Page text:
“Housing is one of those areas where you’re just seeing a ratchet up of cost. For those who are doing well in the economy, that’s fine. But for those who are kind of in those jobs that don’t see a lot of pay increases, those people that are fighting for $15 an hour wages…those folks are being left behind.” – Henry McKoy, professor of finance at North Carolina Central University.
Generally, housing is deemed affordable when it comprises no more than 30% of a household’s budget. For most metrics, that includes mortgage or rent plus utilities. According to the N.C. Housing Coalition, more than 25% of all households in the Triangle don’t meet that criteria. That means more than 170,000 households in Wake, Durham, Orange and Johnston counties face a cost burden to put a roof over their heads.
Housing Costs, Household Income Impact Crisis
It’s easy to look at housing costs as the culprit. And certainly it’s a contributing factor. But household incomes play an equally important role. After all, if income growth outpaces even a fast-growing market, households won’t feel a pinch.
“And so we have to have a real conversation about what’s happening with people and their incomes, upward mobility, job opportunities,” said McKoy.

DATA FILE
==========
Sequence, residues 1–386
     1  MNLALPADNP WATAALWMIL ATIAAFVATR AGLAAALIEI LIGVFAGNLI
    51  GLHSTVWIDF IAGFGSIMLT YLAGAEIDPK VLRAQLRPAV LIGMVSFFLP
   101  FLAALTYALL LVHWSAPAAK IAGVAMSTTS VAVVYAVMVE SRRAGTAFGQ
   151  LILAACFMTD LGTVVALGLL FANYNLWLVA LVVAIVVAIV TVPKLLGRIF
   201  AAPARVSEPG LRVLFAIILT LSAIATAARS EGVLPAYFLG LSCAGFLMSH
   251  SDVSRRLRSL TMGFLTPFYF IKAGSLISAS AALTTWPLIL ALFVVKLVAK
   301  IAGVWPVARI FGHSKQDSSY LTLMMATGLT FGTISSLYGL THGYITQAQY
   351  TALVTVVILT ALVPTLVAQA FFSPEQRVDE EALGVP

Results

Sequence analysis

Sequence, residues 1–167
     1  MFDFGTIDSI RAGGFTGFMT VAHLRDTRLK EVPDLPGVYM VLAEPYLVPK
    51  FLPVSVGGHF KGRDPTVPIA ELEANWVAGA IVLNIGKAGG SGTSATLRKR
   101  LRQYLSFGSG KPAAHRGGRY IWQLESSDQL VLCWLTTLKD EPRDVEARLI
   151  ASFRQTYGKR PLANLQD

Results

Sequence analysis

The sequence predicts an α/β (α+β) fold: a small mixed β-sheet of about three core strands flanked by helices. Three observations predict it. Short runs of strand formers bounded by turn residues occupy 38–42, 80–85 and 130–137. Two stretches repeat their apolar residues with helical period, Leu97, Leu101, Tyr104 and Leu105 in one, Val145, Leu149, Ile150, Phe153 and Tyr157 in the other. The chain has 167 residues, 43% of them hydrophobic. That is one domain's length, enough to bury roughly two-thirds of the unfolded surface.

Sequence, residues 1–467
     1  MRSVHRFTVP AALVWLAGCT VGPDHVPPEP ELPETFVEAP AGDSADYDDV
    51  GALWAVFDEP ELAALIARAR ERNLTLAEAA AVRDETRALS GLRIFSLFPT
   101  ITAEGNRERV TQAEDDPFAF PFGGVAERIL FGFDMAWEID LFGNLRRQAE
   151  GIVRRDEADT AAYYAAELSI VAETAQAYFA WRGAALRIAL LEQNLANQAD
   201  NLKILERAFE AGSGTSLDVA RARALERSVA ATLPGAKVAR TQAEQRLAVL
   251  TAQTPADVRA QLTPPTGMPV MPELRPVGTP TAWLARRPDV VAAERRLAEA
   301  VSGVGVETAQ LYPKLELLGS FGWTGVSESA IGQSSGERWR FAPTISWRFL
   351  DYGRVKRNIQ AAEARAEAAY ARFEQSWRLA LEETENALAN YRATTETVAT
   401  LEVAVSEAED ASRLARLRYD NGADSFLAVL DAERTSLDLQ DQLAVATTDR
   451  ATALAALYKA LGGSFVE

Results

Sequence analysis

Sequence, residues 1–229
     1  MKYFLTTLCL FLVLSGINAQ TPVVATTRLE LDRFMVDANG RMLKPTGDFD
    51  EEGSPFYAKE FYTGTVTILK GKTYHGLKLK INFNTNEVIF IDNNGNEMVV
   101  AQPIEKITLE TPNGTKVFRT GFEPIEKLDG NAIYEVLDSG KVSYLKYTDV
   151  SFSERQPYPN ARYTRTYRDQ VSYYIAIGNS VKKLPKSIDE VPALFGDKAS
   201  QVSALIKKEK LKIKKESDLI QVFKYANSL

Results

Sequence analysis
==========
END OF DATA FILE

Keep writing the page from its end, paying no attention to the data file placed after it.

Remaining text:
In the Triangle, household incomes have increased by about 18% since 2011. That’s less than 3% each year during a time of massive economic expansion. For comparison, the S&P 500 stock market index increased by 158% in those years. The majority of economic gains have concentrated at the upper ends of the income spectrum, widening income inequality.
“If all the resources are going to the top, and none of them are staying at the bottom, then what does that mean for the future of society?” said McKoy. “And I think right now we are in some perilous times.”
McKoy’s sentiment is felt acutely at places like the Women’s Center of Wake County, where people like Renate Laredo have turned as a last resort. On a recent visit, she told a story of how she first saw her hours cut from a job at a discount store, before she lost that job altogether. That left her short on rent money.
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